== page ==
Details: And why didn't that work?
Todd Philips: I'm not putting the blame on anybody, because it always comes down to the director, but you do realize that you want to make movies with people who are doing the movies for the right reasons. And not to slam Billy Bob Thornton, but when an actor tells you he's only here because he has five ex-wives to support, you're kind of fucked. [Laughs]

Details: You stepped down as director of Borat because of creative differences. What was your reasoning?
Todd Philips: Sacha Baron Cohen came to me with a script written by the guys who wrote South Park, and it was fine, but it wasn't Borat. I said, "You can't really script a movie like that—it should be a documentary." So I kind of pitched this idea of a documentary about an immigrant. It was kind of like Spinal Tap, in that there was a filmmaker present. We shot for six weeks—up to the rodeo scene—and what we discovered was that the filmmaker took a lot of air out of what Borat was doing. So many of the laughs are there because the people have no one to turn to. We were having trouble with it but could never put our finger on why. So we took a break from it, shut it down for a whole year. It was me taking the blame for a flawed concept.

Details: You still got an Oscar nomination for the screenplay.
Todd Philips: Yeah. I'm super-proud of the movie and what I had to do with it. I think Sacha is one of the most dangerous guys out there. Comedy is about danger, and Sacha is at the top. I would work with him again in two seconds.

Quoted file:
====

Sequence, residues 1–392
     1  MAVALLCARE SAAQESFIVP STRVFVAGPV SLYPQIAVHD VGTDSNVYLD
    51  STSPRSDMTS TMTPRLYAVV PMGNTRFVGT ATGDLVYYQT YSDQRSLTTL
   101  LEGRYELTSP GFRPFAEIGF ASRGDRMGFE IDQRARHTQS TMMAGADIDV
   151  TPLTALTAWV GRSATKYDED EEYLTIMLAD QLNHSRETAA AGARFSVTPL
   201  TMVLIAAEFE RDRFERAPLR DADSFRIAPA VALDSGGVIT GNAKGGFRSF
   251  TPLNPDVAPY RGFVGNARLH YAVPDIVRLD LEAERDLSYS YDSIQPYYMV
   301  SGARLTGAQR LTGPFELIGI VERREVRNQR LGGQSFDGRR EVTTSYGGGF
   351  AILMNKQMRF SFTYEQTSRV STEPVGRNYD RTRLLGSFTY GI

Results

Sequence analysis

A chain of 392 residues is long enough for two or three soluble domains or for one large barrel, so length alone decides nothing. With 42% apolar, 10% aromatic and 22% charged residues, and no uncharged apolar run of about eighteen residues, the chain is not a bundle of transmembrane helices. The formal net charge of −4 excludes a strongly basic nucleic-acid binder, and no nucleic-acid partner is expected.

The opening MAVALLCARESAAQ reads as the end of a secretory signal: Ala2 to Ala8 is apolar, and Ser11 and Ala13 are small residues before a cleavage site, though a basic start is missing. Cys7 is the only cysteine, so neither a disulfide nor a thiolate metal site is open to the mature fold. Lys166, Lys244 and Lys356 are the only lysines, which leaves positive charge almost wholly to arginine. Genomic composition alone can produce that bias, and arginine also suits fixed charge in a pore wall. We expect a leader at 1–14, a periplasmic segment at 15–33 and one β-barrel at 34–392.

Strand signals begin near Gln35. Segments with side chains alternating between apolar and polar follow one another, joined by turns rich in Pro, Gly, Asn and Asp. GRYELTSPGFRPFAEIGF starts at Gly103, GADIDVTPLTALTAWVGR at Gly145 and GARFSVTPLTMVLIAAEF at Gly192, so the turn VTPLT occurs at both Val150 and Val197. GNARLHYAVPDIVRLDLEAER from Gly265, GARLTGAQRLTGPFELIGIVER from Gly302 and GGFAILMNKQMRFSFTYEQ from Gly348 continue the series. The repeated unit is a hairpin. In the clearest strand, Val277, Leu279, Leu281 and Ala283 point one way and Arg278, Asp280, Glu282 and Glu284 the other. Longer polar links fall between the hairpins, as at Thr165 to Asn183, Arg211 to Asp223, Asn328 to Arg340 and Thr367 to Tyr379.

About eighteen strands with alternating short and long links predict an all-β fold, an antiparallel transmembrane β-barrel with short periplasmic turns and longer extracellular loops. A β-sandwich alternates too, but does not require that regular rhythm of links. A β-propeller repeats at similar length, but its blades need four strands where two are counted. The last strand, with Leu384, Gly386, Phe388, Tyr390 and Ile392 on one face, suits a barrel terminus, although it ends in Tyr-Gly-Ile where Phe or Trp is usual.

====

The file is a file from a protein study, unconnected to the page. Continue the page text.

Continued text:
Details: Is it true you drove a cab on HBO's Taxicab Confessions?
Todd Philips: I was an intern in the documentary department, and HBO needed more English-speaking drivers to get people to talk about fucking, which is my specialty. So I got my hack license and did the show in New York. It was thrown out of the city after I asked a guy who wouldn't talk to get out of my cab. The head of the Taxi & Limousine Commission had to write a letter to the New York Post. It said: "To Mayor Giuliani and the citizens of New York City, we would like to apologize for the indefensible behavior of HBO and Todd Phillips."

Details: Your first film was Hated, a documentary about the late punk rocker GG Allin.
Todd Philips: I started it when I was at NYU, and I dropped out to finish it because I couldn't afford both. We premiered it in NYC, and my mom's there, my sister's there, and all these punk-rock kids from the East Village. GG shows up, totally drunk, and starts screaming from his seat. He throws a bottle at the screen, but it hits this lady in the front row and cuts open her face. Everybody runs out of the theater, the projector shuts off, the cops come, and GG's gone. That was the premiere of my first movie.

Details: It gets weirder. Serial killer John Wayne Gacy painted the poster art.
Todd Philips: Yeah, that's how we funded the film. I'm not one of those guys who's into serial killers, but GG was. I wrote Gacy a letter telling him I was doing GG's story and asked him if he'd paint the poster. He called me collect from the Menard Correctional Center and said he would do it if I sent him $50 for art supplies. He painted me this great picture, and I made a thousand posters and we sold them for $15 each. He would call me every week and talk for about 20 minutes. That was a strange time in my life.

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